Maya Quetzali Gonzalez is an artist, arts worker, and organizer. Her recent assistant directing and movement work includes YOU WILL GET SICK (Roundabout), MACBETH (Broadway), and OUR TOWN/NUESTRO PUEBLO (DTC). She is a member of WOCA, an Associate Member of SDC, and serves on the board of IndieSpace. She also works with Jane’s Due Process, a Texas-based reproductive justice organization. Maya is a graduate of NYU Tisch School of the Arts, where she was a Martin Luther King, Jr. Scholar.
Image description: Maya, a Mexican American young woman with short wavy black hair, smiles softly at the camera. She wears a black turtleneck. Behind her is a painted canvas tapestry with an abstract yellow design.
Shireen Hamza (They/Them/Theirs/She/Her/Hers)
Shireen Hamza likes to sing and dance in the sun. She is an historian and artist living in Chicago, where she teaches with a prison education project (PNAP). Her historical research focuses on the history of science beyond the modern West. Specifically, she works on the history of medicine, bodies, and sexuality in the medieval Islamic world, especially the regions connected by the Indian Ocean. In recent work, Shireen draws on premodern medical texts to create poetic scores for dance and movement. She facilitates intimate workshops for dancers and non-dancers to explore experiences of illness and therapeutics through the scores.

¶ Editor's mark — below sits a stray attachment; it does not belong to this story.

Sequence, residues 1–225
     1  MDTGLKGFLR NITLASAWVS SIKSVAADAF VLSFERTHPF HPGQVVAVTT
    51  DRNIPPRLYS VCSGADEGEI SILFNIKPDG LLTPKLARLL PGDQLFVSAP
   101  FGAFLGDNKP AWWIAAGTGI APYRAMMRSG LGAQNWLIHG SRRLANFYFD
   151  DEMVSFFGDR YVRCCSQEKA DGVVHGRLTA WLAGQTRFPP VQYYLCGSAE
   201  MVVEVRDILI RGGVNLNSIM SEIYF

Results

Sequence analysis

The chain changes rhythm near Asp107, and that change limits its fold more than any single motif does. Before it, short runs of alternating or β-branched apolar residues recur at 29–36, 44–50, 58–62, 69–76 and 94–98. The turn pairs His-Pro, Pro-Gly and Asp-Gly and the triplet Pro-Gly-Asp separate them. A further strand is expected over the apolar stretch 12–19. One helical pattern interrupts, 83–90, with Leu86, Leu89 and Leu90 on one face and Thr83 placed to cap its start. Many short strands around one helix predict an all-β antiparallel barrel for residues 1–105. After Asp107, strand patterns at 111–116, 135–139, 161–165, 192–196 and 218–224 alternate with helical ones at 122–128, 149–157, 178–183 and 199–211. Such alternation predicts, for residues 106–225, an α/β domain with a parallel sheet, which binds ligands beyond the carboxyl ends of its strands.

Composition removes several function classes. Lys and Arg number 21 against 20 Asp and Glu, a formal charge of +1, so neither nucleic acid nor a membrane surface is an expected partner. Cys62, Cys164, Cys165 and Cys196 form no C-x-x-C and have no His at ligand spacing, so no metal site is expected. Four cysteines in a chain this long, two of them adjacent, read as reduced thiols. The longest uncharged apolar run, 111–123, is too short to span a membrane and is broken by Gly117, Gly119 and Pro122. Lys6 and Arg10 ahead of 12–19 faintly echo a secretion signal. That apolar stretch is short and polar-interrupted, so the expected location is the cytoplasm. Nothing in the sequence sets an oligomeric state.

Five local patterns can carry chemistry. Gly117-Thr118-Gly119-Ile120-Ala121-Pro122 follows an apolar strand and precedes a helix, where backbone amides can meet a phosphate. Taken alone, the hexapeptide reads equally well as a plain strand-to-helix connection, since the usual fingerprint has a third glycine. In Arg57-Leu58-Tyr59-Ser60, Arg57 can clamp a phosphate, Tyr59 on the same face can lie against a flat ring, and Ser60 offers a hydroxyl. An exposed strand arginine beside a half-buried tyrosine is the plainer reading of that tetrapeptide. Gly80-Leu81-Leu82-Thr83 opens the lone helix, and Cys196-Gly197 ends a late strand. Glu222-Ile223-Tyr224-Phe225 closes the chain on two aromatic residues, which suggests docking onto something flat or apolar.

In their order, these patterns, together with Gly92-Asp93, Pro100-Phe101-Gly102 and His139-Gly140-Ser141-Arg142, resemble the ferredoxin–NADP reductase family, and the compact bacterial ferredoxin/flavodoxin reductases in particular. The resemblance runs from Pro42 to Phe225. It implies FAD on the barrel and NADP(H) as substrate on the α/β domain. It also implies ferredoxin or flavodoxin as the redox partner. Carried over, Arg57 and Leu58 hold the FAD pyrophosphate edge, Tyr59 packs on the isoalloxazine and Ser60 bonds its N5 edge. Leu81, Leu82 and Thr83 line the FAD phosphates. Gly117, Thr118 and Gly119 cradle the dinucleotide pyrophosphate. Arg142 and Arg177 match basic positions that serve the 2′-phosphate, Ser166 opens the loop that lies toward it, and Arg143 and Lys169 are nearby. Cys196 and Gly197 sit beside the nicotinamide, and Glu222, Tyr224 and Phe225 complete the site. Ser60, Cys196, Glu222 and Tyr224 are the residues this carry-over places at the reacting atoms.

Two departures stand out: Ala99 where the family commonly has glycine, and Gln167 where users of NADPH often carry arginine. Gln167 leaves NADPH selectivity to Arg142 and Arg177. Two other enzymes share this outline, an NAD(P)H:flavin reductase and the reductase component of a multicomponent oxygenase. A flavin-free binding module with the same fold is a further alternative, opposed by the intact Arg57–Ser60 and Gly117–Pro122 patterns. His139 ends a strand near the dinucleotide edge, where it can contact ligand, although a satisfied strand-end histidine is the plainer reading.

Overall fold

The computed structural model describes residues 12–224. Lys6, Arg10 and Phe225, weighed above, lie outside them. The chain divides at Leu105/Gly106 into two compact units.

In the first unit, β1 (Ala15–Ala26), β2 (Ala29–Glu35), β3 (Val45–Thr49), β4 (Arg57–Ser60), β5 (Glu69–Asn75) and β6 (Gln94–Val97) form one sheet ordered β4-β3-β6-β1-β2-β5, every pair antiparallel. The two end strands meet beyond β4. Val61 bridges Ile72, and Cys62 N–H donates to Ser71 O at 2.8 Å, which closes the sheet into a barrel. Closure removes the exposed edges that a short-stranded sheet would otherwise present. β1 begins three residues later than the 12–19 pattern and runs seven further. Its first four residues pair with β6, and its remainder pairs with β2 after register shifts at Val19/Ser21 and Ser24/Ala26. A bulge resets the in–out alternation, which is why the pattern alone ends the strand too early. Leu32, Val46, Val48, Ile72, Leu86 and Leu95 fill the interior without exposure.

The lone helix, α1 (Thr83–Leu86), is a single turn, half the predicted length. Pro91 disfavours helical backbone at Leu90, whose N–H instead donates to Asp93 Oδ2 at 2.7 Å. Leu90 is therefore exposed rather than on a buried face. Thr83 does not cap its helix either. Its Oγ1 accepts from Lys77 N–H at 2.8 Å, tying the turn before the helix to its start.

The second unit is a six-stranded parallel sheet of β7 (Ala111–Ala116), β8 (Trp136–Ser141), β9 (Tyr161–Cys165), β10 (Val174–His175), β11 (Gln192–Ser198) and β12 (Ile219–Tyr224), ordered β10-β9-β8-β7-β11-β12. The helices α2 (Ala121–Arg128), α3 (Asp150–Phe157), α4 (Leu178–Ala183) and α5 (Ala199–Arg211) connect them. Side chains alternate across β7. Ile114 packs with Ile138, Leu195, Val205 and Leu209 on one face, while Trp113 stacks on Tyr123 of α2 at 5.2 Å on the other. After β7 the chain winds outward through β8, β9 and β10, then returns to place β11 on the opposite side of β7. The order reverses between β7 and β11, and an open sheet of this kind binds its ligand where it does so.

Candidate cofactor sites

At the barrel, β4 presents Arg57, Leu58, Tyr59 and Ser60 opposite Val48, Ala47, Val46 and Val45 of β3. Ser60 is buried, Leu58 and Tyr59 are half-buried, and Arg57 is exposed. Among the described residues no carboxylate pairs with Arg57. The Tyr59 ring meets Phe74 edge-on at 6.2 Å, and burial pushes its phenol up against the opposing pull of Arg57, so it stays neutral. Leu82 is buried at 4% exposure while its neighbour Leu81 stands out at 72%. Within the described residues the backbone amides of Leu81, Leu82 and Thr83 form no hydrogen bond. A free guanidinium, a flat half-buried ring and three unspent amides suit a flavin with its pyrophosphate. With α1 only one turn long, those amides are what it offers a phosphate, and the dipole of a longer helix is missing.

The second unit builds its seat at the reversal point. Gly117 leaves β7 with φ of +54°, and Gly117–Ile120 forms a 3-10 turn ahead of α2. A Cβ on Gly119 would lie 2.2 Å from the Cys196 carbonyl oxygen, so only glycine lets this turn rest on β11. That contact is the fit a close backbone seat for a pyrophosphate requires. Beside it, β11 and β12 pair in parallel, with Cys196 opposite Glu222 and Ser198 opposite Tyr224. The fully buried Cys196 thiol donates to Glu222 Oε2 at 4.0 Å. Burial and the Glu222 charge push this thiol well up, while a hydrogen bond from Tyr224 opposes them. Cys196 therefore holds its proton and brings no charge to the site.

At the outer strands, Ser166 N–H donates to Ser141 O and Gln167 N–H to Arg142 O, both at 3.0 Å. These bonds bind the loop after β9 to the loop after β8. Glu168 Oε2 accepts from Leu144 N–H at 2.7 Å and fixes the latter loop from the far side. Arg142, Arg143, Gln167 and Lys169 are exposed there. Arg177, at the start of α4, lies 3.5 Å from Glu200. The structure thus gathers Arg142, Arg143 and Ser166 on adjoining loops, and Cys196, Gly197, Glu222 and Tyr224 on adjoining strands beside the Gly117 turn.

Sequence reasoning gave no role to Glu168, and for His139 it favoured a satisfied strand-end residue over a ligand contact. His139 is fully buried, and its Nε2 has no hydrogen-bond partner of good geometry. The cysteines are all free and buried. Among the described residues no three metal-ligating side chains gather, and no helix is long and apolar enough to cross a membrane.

Image description: shireen, a brown person wearing glasses, a kurti and blazer, and covering her hair with a hijab in the style of a turban, looks into the camera and smiles. she is sitting in the sun with water behind her.
Antoine Hunter (Purple Fire Crow)
Oakland native, Antoine Hunter aka Purple Fire Crow is an award-winning internationally known Black, Indigenous, Deaf, Disabled, choreographer, dancer, actor, instructor, speaker, producer and Deaf advocate. He creates opportunities for Disabled, Deaf and hearing artists, produces Deaf-friendly events, and founded the Urban Jazz Dance Company in 2007 and Bay Area International Deaf Dance Festival in 2013. Awards include the 2022 Disability Futures Fellowship, 2021 Dance Teacher Award, 2019 National Dance/USA fellowship recognized by the Mayor of Oakland, 2018 inaugural Jeanette Lomujo Bremond Humanity Arts Award and 2017 Isadora Duncan (Izzie) for BAIDDF. In response to Covid-19 in July 2020, Hunter founded #DeafWoke, an online talk show that amplifies BIPOC Deaf and Disabled stories as a force for cultural change. Www.realurbanjazzdance.com
Image description: Artist portrait of an Indigenous Black person with dark chocolate skin from his mother. He has almond shaped eyes with long lashes. a single dreadlock visible across his cheek and the rest of his hair in a low braid. Antoine has a full beard and is bare chested with his left hand raised artistically near his face. His right hand is gently supporting his left forearm. Photo credit: RJ Muna
WillYum LaBeija (They/Them/Theirs)